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How To Get An ‘A’ In College

December 12, 2006

Washington Post writer Jay Matthews offered the following top-10 tips on getting an ‘A’ in college courses:

1. Go to class and take notes yourself;
2. Don’t major in engineering;
3. Make a big event out of your most-feared academic tasks;
4. Speak to your professors frequently;
5. Don’t shy from courses with lots of papers;
6. Study in an isolated place as early in the day as you can, and do a five- to 10-minute break every hour;
7. Use section meetings for more than getting to know attractive classmates;
8. Don’t do all of your reading;
9. Before you start work on a paper, do the analysis in your head;
10. Let experts look at drafts of a major paper.

Each tip is explained further in Matthews’ piece. Check it out.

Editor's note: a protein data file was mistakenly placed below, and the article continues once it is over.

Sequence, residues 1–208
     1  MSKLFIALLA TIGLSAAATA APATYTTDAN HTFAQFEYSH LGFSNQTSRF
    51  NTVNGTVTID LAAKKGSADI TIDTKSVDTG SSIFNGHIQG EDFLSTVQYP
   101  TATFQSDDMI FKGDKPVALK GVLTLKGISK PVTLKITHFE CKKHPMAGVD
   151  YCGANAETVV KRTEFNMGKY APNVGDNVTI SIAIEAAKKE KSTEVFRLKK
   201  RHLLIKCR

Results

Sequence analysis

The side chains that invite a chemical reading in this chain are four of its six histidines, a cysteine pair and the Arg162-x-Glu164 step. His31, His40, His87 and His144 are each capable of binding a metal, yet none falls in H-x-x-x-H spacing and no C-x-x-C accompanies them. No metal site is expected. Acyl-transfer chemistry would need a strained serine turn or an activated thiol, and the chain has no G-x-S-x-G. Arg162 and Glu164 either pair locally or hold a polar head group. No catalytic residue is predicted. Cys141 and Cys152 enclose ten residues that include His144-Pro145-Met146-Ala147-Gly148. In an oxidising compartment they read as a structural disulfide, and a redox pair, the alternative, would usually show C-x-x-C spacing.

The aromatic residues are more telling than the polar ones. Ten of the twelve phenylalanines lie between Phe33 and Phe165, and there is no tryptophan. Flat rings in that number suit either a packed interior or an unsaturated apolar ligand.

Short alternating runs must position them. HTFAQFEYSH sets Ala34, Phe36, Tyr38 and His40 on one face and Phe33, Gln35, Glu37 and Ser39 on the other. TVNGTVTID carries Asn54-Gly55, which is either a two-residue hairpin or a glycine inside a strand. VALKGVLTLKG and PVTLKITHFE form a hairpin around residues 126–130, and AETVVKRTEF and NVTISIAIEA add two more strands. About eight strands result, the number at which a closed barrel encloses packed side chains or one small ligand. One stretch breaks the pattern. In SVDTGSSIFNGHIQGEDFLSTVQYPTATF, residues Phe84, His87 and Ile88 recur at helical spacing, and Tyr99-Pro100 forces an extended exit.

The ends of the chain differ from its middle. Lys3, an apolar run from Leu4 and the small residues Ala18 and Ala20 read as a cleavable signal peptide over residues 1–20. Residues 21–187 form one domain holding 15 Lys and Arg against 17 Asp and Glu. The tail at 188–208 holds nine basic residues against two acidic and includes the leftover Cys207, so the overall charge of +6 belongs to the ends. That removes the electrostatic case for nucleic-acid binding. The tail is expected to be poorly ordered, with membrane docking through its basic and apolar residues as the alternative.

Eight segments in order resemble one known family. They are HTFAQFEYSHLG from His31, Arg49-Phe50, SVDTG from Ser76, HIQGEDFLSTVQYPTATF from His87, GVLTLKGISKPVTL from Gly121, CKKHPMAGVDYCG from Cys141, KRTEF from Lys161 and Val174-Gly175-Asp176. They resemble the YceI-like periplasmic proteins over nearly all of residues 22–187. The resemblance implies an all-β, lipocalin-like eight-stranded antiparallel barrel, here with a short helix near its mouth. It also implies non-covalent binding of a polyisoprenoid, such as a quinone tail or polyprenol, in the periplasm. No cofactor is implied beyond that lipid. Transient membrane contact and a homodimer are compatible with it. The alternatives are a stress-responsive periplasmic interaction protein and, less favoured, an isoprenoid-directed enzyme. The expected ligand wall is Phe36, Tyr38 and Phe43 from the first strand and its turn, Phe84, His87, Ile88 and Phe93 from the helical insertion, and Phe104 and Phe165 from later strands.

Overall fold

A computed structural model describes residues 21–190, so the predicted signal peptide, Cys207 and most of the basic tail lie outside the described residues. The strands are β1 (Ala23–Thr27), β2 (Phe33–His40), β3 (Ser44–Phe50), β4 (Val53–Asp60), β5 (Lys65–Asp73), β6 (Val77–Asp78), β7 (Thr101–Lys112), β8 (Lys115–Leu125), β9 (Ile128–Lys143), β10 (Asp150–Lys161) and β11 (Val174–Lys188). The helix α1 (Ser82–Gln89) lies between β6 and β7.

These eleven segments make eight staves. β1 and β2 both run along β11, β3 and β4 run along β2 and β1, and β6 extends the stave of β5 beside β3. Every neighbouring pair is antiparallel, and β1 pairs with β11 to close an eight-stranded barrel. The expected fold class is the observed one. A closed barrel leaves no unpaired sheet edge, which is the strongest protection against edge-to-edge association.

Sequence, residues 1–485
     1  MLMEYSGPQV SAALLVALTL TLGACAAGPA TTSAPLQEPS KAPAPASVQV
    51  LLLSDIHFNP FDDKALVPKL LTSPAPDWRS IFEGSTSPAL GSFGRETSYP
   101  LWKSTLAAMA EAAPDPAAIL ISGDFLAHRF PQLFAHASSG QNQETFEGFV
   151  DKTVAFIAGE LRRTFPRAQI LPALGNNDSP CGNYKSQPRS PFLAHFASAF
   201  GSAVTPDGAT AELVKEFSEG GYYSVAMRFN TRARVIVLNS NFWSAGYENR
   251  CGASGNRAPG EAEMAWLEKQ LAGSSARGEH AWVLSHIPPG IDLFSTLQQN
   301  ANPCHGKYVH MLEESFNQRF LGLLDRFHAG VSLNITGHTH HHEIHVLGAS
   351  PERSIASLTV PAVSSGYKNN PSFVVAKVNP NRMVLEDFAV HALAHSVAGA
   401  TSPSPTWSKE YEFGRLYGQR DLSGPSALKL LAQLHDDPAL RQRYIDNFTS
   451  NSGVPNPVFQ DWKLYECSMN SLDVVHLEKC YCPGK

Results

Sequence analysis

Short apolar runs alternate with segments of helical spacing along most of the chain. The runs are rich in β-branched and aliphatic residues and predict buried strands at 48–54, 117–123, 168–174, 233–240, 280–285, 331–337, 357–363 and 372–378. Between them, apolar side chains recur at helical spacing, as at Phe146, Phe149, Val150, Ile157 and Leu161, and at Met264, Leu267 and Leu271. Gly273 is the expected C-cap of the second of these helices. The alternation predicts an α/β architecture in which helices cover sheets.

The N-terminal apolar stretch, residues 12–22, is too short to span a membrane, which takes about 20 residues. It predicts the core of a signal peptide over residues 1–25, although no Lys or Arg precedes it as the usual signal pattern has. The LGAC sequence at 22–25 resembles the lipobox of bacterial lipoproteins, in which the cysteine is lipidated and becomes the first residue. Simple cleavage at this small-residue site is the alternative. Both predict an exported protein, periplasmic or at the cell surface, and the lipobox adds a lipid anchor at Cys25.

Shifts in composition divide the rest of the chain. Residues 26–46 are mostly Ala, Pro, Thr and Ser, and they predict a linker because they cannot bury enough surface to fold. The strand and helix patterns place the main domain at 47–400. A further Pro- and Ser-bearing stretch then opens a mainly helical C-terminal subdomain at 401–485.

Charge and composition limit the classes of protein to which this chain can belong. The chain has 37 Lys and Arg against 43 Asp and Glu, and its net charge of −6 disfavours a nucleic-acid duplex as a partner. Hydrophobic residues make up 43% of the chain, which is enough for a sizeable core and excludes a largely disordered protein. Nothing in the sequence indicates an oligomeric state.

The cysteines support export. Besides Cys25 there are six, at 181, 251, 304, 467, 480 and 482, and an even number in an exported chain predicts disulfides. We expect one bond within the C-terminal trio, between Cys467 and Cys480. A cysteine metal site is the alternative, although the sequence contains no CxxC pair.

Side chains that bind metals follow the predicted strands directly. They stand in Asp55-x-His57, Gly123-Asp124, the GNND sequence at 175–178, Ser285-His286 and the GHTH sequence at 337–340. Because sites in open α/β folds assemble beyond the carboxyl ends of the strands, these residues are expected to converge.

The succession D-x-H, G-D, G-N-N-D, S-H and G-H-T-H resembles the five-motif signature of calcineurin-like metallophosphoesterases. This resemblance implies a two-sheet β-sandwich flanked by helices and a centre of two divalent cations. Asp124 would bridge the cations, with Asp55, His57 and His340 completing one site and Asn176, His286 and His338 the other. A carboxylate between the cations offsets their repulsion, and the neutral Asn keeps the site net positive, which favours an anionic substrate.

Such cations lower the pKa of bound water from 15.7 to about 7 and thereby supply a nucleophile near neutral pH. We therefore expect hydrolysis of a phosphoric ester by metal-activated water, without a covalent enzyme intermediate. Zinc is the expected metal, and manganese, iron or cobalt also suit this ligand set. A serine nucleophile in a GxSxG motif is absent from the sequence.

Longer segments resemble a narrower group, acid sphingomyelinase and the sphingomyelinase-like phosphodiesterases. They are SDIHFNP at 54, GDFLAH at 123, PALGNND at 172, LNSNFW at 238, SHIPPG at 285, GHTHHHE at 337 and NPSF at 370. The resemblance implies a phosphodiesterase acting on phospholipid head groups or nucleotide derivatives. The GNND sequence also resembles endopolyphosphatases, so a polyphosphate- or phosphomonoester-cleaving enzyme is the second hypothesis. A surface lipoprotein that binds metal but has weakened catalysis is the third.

I found myself in surprising agreement with these tips, even number 8 – with a caveat. My addendum to rule 8 is this: If you really want to learn in college – and not just get an ‘A’ – then number 8 is the one rule you cannot, under any circumstances, follow. Learning necessarily involves a love for reading. Of course college coursework does not foster a love for reading; reading is primarily utilitarian in higher education. Even my graduate coursework in history made reading a chore – something to be done viciously, hunting like Hemingway in Africa for a thesis and critiquing every term and argument. This is why most have to wait until their post-university days to rediscover the joy of reading and learning. – TL


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